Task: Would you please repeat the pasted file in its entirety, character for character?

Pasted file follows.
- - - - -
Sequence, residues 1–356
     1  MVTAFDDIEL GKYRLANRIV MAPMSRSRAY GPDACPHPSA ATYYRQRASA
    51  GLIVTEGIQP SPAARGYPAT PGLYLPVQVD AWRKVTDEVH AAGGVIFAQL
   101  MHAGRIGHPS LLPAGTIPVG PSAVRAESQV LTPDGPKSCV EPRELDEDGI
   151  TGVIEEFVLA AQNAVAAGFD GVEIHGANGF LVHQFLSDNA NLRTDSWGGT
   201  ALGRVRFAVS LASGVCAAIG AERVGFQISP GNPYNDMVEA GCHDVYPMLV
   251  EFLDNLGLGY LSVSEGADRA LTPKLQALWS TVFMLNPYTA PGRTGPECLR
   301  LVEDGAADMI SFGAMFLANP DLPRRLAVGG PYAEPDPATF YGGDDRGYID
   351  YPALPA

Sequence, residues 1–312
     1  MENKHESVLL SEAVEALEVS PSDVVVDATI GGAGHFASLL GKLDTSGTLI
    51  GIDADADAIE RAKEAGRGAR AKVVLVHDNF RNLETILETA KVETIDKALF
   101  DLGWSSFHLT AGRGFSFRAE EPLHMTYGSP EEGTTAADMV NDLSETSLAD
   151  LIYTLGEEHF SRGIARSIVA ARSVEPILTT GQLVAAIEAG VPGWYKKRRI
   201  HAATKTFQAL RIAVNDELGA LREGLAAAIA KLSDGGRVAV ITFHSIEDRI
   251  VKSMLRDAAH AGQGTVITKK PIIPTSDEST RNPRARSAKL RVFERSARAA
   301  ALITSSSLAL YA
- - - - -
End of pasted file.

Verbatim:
Sequence, residues 1–356
     1  MVTAFDDIEL GKYRLANRIV MAPMSRSRAY GPDACPHPSA ATYYRQRASA
    51  GLIVTEGIQP SPAARGYPAT PGLYLPVQVD AWRKVTDEVH AAGGVIFAQL
   101  MHAGRIGHPS LLPAGTIPVG PSAVRAESQV LTPDGPKSCV EPRELDEDGI
   151  TGVIEEFVLA AQNAVAAGFD GVEIHGANGF LVHQFLSDNA NLRTDSWGGT
   201  ALGRVRFAVS LASGVCAAIG AERVGFQISP GNPYNDMVEA GCHDVYPMLV
   251  EFLDNLGLGY LSVSEGADRA LTPKLQALWS TVFMLNPYTA PGRTGPECLR
   301  LVEDGAADMI SFGAMFLANP DLPRRLAVGG PYAEPDPATF YGGDDRGYID
   351  YPALPA

Sequence, residues 1–312
     1  MENKHESVLL SEAVEALEVS PSDVVVDATI GGAGHFASLL GKLDTSGTLI
    51  GIDADADAIE RAKEAGRGAR AKVVLVHDNF RNLETILETA KVETIDKALF
   101  DLGWSSFHLT AGRGFSFRAE EPLHMTYGSP EEGTTAADMV NDLSETSLAD
   151  LIYTLGEEHF SRGIARSIVA ARSVEPILTT GQLVAAIEAG VPGWYKKRRI
   201  HAATKTFQAL RIAVNDELGA LREGLAAAIA KLSDGGRVAV ITFHSIEDRI
   251  VKSMLRDAAH AGQGTVITKK PIIPTSDEST RNPRARSAKL RVFERSARAA
   301  ALITSSSLAL YA